- Even in Europe, companies are starting to contemplate potential windows for share issues. The Norwegian group Pexip is bravely tapping the equity markets to raise $100m in an initial public offering.It may feel boosted by the fact that its business is videoconferencing, at a time where demand for such services is booming, but a successful transaction would undoubtedly create IPO-envy among future issuers. Some key actors even see a window opening up in the third quarter, ahead of the U.S. presidential election, assuming the current Covid-related situation is under control. History will tell whether it was a case of wishful thinking…
The need to transact has never been greater
The 2008 financial crisis led companies to rethink, sometimes even reinvent their business plans. Now again, there are talks of how management teams can pivot their business models to make their organisations fitter to compete in the post-Covid world.
In the context of future M&A and IPO transactions, the current lull in the market offers companies an opportunity to revisit their equity story and simplify, or at least clarify their narrative.
The pandemic has also highlighted and reinforced the importance of balance sheet strength, scale, and diversity of distribution mode. As a result, it has intensified the imperative to raise equity or acquire, or both:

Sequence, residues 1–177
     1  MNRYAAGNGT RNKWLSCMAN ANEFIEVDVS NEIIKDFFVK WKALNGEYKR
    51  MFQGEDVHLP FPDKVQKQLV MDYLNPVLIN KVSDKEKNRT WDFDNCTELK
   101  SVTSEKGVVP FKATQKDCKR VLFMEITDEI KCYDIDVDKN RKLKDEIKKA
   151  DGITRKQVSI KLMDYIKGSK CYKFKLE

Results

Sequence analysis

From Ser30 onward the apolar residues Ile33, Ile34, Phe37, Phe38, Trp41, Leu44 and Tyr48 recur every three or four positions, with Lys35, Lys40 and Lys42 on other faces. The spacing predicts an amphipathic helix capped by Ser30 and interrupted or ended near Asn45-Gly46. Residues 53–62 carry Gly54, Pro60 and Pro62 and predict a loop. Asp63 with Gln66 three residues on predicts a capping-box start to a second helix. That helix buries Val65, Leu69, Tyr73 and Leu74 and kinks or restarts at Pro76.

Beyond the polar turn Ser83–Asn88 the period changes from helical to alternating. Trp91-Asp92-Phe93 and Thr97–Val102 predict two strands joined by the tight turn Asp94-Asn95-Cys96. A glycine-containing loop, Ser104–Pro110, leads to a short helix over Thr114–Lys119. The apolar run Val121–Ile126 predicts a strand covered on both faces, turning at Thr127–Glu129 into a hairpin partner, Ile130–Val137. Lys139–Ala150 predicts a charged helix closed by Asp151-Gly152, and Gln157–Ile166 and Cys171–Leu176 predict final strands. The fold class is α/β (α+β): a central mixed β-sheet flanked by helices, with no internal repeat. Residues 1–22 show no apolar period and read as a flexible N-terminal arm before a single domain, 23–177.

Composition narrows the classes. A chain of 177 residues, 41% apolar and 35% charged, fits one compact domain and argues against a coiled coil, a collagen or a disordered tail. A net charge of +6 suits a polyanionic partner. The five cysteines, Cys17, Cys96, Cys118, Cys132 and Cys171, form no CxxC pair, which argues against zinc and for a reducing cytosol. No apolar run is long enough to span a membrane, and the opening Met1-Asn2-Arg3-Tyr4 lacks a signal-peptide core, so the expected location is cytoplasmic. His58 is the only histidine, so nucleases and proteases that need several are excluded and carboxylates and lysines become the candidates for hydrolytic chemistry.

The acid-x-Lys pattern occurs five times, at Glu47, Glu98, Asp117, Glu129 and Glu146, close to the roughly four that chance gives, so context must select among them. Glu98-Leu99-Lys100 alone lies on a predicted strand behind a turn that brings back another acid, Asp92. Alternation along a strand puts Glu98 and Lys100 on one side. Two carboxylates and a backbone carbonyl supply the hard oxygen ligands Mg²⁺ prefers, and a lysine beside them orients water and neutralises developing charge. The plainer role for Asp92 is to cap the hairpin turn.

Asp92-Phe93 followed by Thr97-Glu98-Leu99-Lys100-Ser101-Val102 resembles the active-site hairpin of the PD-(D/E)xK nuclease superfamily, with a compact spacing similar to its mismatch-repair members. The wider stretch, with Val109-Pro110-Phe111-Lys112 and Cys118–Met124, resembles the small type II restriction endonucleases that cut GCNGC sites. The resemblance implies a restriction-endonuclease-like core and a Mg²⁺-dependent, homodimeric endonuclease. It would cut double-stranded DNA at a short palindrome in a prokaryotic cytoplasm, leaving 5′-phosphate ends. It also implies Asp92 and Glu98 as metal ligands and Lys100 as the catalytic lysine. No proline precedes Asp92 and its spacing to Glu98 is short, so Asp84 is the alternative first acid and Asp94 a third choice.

- the argument for geographical/financial diversity has never been more valid
- “too big to fail” has a new resonance as leverage and liquidity are all easier to achieve for larger companies who are leaders in their markets.
- companies with a skill deficit in online distribution will need to bridge this gap in light of their recent performance. It may not be coincidental that M&S just announced that its food business was on track for a tie-up with online grocer Ocado due to start in September which will make M&S products available for home delivery. (Primark, with no online presence, is quoted as saying that its sales have fallen from £650 million a month to zero).
The shape of things to come
So, is this business as usual for those companies planning to present their equity stories to the markets?
Clearly not. A lot has changed as a result of Covid-19, not least because valuing a company today is more arduous than ever.
There are uncertainties at every level: medical (will the epidemic be recurring, what measures need to be taken post lockdown), macro-economic (how will our economies cope and what should governments’ response be?) and of course micro-economic too – all of which make the exercise of valuing a company based on its future earnings almost academic.
Precisely because of this, those companies that will conduct successful M&As and IPOs during and after the current crisis will need to provide more transparency and visibility and be prepared to do this earlier than they may have needed to in the past. Fireside chats in M&A transactions and early look meetings in IPO deals will become more decisive as a result.
It also means that there is likely to be a zero-tolerance stance from institutional investors, PE and strategic buyers alike, when facing companies whose narrative is unclear or anything less than compelling.